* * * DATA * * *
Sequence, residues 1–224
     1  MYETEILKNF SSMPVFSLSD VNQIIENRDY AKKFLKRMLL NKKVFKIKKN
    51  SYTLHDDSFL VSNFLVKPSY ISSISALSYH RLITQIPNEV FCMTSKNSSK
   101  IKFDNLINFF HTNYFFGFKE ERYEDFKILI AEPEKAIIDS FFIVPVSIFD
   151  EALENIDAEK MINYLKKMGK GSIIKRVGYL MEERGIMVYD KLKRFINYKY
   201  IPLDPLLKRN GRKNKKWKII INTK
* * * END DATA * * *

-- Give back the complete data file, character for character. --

Sequence, residues 1–224
     1  MYETEILKNF SSMPVFSLSD VNQIIENRDY AKKFLKRMLL NKKVFKIKKN
    51  SYTLHDDSFL VSNFLVKPSY ISSISALSYH RLITQIPNEV FCMTSKNSSK
   101  IKFDNLINFF HTNYFFGFKE ERYEDFKILI AEPEKAIIDS FFIVPVSIFD
   151  EALENIDAEK MINYLKKMGK GSIIKRVGYL MEERGIMVYD KLKRFINYKY
   201  IPLDPLLKRN GRKNKKWKII INTK